Have a peaceful day today,

Monday, December 24, 2012

Paternalism, Dead Weight Loss of Giving and Giving Directly

While there are many articles on the dead-weight loss of Christmas (See Joel Waldfogel's paper of that title), my Coauthor Paul Niehaus, together with Michael Faye, Rohit Wanchoo, and Jeremy Shapiro investigates a similar idea on charitable donations, specifically to the poor in Africa.

His work has recently been featured in The Atlantic: Can 4 Economists Build the Most Economically Efficient Charity Ever? The premise on GiveDirectly is to "directly to the poor with no strings attached--no requirement to launch a business or to immunize one's child; no distribution of bed nets, solar lanterns, or goats."

Merry Christmas, Frohe Weihnachten, Joyeux Noel

I wish you all a merry Christmas, ein frohes und besinnliches Fest et joyeux Noel

Sunday, December 23, 2012

Signaling and Dating

Al Roth has received his Nobel prize for "the theory of stable allocations and the practice of market design". The methods discussed in the announcement have been used in markets for medical professionals, to allocate students to schools and kidney exchange. However, already in early interviews, Al talked about how matching deals with the most important decisions of one's life, including, finding a spouse. Clearly this has attracted lots of attention, as it captures the imagination of everyone, or, as swedisch TV reporter Bengt Norborg said, "everyone can relate to it".

So, dating and signaling, and as such my theory work (see Coles, Peter, Alexey Kushnir and Muriel Niederle, “Preference Signaling in Matching Markets”, American Economic Journal: Microeconomics, forthcoming) and the applications of signaling on the economics job market (see Peter Coles, John Cawley, Phillip B. Levine, Muriel Niederle, Alvin E. Roth, and John J. Siegfried, “The Job Market for New Economists: A Market Design Perspective,” Journal of Economic Perspectives, Fall 2010) and on online dating (see Lee, Soohyung and Muriel Niederle, “Propose with a Rose? Signaling in Internet Dating Markets,” November 2011) received lots of attention.

For example, see around min 10:50 - 13:40 of Al Roth's Nobel interview at

or at Al's lecture at around min 36:40

or the TV feature on Swedish TV at

While signaling is a great topic, and has been in the news a lot lately (it'll be in the news again in the Spring, when parents are deciding which of the colleges among the ones their children applied they want to visit) there are still many open questions.

For recent news (HT Scott Kominers) see the WSJ article: "Facebook Tests Charging $1 to Send Some Messages"

Saturday, December 22, 2012

Gender, Education and Marriage

There have been a few papers recently that discuss the impact of being highly educated or having high earnings on the marriage market.

Two papers focus on Asia and the role of highly educated women on the marriage market.

For evidence in Asia, and the role of highly educated women on the market for imported women see    Daiji Kawaguchi and Soohyung Lee "Brides for Sale: Cross-Border Marriages and Female Immigration"  The abstract reads: "Every year, a large number of women migrate as brides from developing countries to developed countries in East Asia. This phenomenon virtually did not exist in the early 1990s, but foreign brides currently comprise 4 to 35 percent of newlyweds in these developed Asian countries. This paper argues that two factors account for this rapid increase in “bride importation”: the rapid growth of women's educational attainment and a cultural norm that leads to low net surplus of marriage for educated women. We provide empirical evidence supporting our theoretical model and its implications, using datasets from Japan, Korea, Taiwan, and Singapore."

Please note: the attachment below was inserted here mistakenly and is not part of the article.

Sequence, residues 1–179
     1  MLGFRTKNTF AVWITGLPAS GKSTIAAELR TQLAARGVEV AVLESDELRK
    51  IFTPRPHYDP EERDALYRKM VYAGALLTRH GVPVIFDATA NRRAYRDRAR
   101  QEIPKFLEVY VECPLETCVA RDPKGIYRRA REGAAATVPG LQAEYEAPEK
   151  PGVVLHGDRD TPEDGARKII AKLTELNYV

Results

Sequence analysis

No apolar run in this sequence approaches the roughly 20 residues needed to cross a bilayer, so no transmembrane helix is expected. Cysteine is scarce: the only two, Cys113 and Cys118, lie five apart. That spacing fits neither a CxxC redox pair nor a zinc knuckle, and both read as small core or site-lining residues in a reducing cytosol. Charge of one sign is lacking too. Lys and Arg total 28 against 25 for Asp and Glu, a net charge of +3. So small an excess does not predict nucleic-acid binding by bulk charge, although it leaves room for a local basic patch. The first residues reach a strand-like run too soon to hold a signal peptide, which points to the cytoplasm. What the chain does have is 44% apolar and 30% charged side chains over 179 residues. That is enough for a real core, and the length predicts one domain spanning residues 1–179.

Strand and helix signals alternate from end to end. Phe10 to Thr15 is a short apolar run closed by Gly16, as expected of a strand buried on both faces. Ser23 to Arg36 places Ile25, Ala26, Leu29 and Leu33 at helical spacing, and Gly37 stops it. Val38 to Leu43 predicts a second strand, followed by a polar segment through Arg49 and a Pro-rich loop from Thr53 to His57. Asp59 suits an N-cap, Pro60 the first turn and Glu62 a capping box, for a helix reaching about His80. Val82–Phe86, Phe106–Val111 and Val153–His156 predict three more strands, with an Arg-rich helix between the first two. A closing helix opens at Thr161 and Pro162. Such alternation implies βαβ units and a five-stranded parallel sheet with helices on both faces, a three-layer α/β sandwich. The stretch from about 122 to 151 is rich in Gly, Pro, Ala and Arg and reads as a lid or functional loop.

This effect is the content of the Harvard student Jisoo Hwang's JM paper: "Housewife, "Gold Miss," and Equal: The Evolution of Educated Women's Role in Asia and the U.S. "

Abstract: The fraction of U.S. college graduate women who ever marry has increased relative to less educated women since the mid-1970s. In contrast, college graduate women in developed Asian countries have had decreased rates of marriage, so much so that the term “Gold Misses” has been coined to describe them. This paper argues that the interaction of rapid economic growth in Asia combined with the intergenerational transmission of gender attitudes causes the “Gold Miss” phenomenon. Economic growth has increased the supply of college graduate women, but men’s preference for their wives’ household services has diminished less rapidly and is slowed by women’s role in their mothers’ generation. Using a dynamic model, I show that a large positive wage shock produces a greater mismatch between educated women and men in the marriage market than would gradual wage growth. I test the implications of the model using three data sets: the Japanese General Social Survey, the American Time Use Survey, and the U.S. Census and American Community Survey. Using the Japanese data, I find a positive relationship between a mother’s education (and employment) and her son’s gender attitudes. In the U.S., time spent on household chores among Asian women is inversely related to the female labor force participation rate in husband’s country of origin. Lastly, college graduate Korean and Japanese women in the U.S. have greater options in the marriage market. They are more likely to marry Americans than Korean and Japanese men do, and this gender gap is larger among the foreign born than the U.S. born.